– Barak
    Commented Oct 9, 2012 at 14:26
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    I'm talking about editing in review queue, since it is the most annoying thing when you have done an extensive editing, then get the message that the suggested edit has been approved.
    – nhahtdh
    Commented Oct 9, 2012 at 14:28
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    @nha, I didn't say it would be easy, and some experimentation would certainly be required to determine those things, but the system today is very discouraging for those who want to put some effort into it... this could be a step towards fixing that issue, and I think some effort should be made towards it.
    – Barak
    Commented Oct 9, 2012 at 14:29
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    @nha... yeah, I get that and hate it as much as you do, it's what actually prompted me to post
    – Barak
    Commented Oct 9, 2012 at 14:31
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    While I wholeheartedly agree on fixing the issue, I just don't feel like your suggestion will work out.
    – nhahtdh
    Commented Oct 9, 2012 at 14:31
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    Heh, I guess we agree to disagree then. I cannot see how it wouldn't be a vast improvement. There would be issues as you mention, but I think the magnitude would be far less than what we have today with the current system. How many questions have you seen here on Meta ranting about this very thing? We can sit here and shoot down ideas all day, but if we don't try something, nothing will ever change. "Paralysis by analysis" I believe would fit here. (Aside: wow, I didn't think MSO even had the "move the discussion to chat" warning after seeing some of the comment threads on other posts).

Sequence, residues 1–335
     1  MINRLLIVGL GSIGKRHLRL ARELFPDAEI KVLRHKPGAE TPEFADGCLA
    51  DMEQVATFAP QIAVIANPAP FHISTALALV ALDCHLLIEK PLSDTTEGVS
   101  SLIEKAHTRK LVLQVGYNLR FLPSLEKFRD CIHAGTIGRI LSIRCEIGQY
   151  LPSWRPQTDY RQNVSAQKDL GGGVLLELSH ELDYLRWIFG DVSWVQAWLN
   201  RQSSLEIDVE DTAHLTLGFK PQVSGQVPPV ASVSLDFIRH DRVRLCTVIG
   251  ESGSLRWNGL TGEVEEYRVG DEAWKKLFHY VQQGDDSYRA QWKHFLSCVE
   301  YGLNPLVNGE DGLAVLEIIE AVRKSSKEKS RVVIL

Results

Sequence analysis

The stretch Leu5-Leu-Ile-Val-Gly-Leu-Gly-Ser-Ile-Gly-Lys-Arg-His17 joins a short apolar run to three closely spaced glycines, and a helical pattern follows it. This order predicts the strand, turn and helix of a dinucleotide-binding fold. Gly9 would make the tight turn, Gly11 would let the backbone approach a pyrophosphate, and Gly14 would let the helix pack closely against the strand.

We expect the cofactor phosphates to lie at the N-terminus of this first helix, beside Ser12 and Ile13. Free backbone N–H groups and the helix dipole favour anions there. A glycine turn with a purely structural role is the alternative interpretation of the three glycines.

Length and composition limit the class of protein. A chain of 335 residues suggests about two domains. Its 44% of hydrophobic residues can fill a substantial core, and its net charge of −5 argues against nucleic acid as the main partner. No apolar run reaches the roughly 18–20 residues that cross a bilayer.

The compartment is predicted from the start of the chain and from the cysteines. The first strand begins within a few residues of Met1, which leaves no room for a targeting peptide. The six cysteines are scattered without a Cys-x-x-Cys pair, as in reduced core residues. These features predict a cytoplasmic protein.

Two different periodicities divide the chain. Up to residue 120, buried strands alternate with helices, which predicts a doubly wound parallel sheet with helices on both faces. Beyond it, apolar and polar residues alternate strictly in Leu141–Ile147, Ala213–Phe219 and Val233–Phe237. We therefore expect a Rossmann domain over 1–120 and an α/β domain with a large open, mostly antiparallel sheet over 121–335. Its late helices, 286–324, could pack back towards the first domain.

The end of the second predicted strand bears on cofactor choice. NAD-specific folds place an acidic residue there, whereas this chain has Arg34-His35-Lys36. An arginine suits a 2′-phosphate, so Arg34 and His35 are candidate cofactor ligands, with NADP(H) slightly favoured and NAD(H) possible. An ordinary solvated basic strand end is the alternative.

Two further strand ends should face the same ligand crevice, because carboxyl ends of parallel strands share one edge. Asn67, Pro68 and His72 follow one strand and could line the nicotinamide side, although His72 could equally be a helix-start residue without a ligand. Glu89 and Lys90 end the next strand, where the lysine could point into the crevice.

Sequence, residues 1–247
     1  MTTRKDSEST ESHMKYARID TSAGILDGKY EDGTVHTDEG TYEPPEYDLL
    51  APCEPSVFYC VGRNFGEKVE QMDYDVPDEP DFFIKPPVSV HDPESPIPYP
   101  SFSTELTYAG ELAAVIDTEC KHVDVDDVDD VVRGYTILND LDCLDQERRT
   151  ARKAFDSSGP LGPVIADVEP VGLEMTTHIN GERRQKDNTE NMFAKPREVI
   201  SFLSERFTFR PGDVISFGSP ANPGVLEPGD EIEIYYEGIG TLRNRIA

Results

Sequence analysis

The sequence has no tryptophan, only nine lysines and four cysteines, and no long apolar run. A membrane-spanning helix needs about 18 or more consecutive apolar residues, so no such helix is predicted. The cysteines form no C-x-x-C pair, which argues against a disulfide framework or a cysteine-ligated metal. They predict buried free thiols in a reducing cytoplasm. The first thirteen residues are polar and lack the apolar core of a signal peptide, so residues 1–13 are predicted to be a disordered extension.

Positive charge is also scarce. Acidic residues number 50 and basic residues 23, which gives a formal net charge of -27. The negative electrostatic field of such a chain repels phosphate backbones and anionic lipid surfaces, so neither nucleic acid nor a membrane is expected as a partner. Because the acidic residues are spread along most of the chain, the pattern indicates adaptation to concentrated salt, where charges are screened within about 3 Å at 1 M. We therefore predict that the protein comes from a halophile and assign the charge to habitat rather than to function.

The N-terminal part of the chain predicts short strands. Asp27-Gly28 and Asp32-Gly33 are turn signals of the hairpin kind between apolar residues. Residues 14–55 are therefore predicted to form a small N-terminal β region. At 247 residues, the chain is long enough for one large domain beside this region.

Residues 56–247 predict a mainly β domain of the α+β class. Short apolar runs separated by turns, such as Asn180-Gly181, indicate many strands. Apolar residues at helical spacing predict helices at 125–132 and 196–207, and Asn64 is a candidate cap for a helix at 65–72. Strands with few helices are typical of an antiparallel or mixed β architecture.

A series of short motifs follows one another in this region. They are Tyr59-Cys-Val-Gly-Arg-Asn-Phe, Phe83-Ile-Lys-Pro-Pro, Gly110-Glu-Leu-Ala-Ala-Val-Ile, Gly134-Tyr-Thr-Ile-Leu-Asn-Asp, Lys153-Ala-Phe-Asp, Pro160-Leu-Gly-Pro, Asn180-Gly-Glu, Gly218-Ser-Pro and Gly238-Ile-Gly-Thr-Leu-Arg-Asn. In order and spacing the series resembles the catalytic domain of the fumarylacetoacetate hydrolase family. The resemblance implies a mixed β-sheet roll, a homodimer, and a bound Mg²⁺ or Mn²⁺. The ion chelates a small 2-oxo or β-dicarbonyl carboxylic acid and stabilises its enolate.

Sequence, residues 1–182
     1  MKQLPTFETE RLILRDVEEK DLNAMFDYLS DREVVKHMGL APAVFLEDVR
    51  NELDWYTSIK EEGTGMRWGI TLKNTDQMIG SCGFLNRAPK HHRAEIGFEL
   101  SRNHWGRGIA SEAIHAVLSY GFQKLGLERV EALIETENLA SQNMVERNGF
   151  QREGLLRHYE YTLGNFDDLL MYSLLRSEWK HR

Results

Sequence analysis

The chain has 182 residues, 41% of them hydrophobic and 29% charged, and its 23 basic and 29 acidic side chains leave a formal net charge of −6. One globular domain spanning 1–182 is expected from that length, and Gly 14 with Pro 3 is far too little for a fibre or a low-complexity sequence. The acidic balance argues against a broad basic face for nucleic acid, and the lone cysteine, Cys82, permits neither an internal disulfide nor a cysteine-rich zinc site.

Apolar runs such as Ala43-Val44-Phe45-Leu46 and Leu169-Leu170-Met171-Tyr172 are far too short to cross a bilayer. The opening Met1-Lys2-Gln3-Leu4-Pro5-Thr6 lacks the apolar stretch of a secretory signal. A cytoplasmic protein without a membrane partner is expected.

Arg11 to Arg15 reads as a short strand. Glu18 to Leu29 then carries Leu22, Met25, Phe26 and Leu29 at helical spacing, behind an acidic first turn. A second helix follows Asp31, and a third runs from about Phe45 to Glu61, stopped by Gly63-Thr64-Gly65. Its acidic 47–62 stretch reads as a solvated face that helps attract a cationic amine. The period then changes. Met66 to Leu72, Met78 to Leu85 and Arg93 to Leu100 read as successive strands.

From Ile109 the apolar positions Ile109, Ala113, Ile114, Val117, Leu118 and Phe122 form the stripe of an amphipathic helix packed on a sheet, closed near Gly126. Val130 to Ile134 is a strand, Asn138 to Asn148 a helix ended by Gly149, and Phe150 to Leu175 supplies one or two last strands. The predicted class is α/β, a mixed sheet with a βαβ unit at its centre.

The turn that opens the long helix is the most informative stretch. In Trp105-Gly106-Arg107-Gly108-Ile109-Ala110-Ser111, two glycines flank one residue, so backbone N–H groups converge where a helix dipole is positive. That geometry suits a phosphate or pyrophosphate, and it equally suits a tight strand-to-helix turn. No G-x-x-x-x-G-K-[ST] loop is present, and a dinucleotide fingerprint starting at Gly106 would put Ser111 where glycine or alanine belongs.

– Barak
    Commented Oct 9, 2012 at 14:39
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    If this get support from other users, probably it will be implemented. Let's hope that I'm the only one so negative about this idea. (As a side note, I got the move discussion to chat with this message - the threshold seems to be higher on meta).
    – nhahtdh
    Commented Oct 9, 2012 at 14:41
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    "It would be interesting to try exclusive review period to remedy this. By this, I mean that picked [review item] is taken off the queue for 2-3 minutes so that no one else can review it until timeout expires. This would guarantee that my decisions (at least quick ones) could only clash with those of the user(s) who held the [review item] longer than mentioned timeout - which would weed out mindless click-through robo approvers..." (quote source)